The Buddha’s final utterance to his disciples begins, “All conditioned things are impermanent…” I used to find the statement incredibly cold but now I feel moved by the compassion in it, the hope that others too will realise this truth and the freedom it brings. The Buddha’s teaching is that this ‘me’ that we think so solid and permanent is in fact a process rather than an entity, and is interwoven with everything around us, not separate from it. The more I see the world in terms of ‘me in here’ versus ‘everything else out there’, the harder it will be to acknowledge death for what it is, a natural phenomenon that occurs in every moment as well as in the ending of this particular life. People who meditate deeply sometimes begin to see how impermanent the world is: nothing stays exactly the same even for an instant, and the ‘I’ who I think I am is continually in flux. Paradoxically this experience doesn’t lead to nihilism or the disintegration of personality, though it can be disorientating; it points instead to what the Buddha called the Deathless – a sense of the spaciousness and radiance and fundamental goodness of that which is beyond the personal. It seems to me that different religions all have their own ways of knowing this territory. Christians sometimes criticise Buddhism for being atheistic but the experience is similar whether it is defined as God or called by any other name. (And incidentally the Buddha didn’t say that there was no God, just that this was something that couldn’t be spoken about.)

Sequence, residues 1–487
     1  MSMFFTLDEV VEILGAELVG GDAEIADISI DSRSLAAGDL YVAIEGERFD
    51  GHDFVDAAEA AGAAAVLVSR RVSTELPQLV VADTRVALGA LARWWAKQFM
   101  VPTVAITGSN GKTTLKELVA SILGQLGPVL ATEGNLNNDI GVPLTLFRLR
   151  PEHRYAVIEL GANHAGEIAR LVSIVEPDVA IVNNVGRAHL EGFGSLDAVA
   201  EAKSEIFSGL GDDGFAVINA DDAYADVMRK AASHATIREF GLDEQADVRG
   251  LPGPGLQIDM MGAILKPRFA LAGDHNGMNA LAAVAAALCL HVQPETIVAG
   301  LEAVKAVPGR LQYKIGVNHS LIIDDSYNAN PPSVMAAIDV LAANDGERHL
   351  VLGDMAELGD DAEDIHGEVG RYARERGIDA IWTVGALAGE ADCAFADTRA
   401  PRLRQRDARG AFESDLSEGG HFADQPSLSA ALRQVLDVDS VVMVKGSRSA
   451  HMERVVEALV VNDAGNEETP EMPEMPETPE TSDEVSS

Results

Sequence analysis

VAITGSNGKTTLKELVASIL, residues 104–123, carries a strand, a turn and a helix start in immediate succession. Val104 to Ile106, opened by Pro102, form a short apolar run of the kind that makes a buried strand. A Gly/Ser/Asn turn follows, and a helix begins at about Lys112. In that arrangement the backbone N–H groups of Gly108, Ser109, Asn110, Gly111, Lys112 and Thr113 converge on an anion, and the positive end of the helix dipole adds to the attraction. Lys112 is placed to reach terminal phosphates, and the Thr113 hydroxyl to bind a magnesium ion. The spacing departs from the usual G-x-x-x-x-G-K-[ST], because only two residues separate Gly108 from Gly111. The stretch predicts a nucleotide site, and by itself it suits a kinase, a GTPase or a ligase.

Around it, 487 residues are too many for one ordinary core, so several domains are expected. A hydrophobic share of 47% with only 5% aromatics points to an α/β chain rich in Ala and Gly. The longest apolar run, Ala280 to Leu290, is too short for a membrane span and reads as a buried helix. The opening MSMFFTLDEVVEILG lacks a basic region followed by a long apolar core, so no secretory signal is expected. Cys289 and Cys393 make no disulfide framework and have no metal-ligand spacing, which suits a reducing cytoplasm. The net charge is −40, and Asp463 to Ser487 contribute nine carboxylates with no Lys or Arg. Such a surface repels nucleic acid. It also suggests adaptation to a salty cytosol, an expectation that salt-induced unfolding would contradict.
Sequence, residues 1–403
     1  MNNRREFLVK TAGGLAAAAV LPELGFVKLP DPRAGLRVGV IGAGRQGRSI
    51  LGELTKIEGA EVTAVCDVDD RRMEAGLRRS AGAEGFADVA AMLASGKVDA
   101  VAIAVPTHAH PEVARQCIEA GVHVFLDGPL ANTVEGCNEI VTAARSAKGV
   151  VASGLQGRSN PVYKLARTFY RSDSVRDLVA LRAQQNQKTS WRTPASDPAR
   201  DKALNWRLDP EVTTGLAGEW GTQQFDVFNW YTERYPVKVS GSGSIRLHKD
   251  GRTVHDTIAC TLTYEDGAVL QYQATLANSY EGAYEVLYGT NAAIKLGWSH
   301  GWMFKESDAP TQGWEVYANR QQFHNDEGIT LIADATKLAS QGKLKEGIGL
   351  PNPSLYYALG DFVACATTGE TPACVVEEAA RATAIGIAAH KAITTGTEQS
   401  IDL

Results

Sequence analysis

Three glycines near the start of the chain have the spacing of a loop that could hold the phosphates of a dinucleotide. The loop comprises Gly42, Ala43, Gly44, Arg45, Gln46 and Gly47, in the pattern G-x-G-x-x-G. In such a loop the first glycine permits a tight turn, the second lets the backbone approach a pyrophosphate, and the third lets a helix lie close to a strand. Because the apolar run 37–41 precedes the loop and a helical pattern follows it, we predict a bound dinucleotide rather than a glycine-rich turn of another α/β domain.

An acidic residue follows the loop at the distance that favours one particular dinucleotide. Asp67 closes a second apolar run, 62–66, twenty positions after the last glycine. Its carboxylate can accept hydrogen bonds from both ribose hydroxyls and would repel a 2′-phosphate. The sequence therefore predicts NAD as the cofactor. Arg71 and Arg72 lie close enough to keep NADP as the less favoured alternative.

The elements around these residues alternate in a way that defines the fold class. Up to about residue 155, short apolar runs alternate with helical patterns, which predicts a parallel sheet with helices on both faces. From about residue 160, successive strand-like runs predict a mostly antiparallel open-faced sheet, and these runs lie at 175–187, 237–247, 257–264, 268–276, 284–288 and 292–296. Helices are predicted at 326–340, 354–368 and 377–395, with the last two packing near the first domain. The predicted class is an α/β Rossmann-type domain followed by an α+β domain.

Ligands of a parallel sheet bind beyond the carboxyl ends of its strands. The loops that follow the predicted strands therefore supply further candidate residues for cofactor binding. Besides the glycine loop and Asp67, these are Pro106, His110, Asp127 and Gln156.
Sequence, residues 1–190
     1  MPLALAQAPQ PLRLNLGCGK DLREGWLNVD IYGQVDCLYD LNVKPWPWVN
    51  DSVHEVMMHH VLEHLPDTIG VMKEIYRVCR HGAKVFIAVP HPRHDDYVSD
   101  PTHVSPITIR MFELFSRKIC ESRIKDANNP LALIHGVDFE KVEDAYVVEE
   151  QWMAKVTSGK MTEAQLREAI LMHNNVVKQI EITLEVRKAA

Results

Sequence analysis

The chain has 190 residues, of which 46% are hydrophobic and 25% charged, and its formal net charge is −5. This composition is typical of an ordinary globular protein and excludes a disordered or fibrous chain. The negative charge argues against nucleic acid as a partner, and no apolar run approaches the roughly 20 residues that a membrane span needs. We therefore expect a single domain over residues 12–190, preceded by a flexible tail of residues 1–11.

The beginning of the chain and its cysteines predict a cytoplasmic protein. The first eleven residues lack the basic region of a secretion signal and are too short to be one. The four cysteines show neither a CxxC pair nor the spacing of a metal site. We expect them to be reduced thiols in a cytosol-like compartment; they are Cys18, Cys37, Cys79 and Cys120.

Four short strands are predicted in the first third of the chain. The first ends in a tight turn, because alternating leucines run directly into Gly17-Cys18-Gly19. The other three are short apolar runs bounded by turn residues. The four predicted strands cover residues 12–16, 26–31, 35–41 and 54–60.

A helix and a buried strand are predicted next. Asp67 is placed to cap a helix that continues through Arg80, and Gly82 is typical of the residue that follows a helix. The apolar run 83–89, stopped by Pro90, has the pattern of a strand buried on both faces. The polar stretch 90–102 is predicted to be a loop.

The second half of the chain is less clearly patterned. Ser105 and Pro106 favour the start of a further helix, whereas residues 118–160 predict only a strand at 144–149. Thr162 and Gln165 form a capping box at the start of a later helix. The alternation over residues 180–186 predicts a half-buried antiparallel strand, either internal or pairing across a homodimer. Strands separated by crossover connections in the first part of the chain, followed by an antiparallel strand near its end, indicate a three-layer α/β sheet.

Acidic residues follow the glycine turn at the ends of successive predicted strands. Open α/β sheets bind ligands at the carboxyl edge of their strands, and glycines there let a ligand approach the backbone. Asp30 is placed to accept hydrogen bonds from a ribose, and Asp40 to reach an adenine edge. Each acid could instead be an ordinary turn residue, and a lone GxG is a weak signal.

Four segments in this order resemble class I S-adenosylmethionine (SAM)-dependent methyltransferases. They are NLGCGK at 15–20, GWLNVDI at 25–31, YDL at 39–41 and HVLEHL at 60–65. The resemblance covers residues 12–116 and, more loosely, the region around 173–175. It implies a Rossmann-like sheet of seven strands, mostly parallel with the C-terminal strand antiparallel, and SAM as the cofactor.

Many people, of whatever religious persuasion or none, have had glimpses of this wider consciousness, in the light of which death is both more and less real. For most of us – and I definitely include myself – they are only glimpses: we soon fall back again into our ordinary concerns, our worry about what might happen to me. Without wishing them dead, I’ve always felt that the people whose deaths have touched me have given me a gift, helping me to understand more of the reality of death – and therefore the brevity and preciousness of life. Divyam’s death has spoken to me in that way, and I am grateful. She died peacefully at home, cared for by loving friends, gently letting go into the vast unknown. May she rest in peace.
May all beings be well. May all beings be happy. May all beings be free from suffering.
There is a beautiful Georgian song about the brevity of life, Bindisperia Sopeli. I don’t know what all the words mean but apparently ‘bindisperia’ is something like ‘the colour of cloud’ and ‘sopeli’ is ‘life’. The link is: http://www.youtube.com/watch?v=SLk4C1E8_xE
*For more information about Focusing see the Focusing Institute, http://www.focusing.org, Focusing Resources, http://www.focusingresources.com, or the British Focusing Teachers’ Association, http://www.focusing.org.uk.